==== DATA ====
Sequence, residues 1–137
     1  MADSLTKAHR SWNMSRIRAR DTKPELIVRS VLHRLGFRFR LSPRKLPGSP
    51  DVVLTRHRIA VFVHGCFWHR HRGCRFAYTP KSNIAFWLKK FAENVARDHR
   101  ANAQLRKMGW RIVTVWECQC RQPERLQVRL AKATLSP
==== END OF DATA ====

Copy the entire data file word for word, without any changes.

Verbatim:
Sequence, residues 1–137
     1  MADSLTKAHR SWNMSRIRAR DTKPELIVRS VLHRLGFRFR LSPRKLPGSP
    51  DVVLTRHRIA VFVHGCFWHR HRGCRFAYTP KSNIAFWLKK FAENVARDHR
   101  ANAQLRKMGW RIVTVWECQC RQPERLQVRL AKATLSP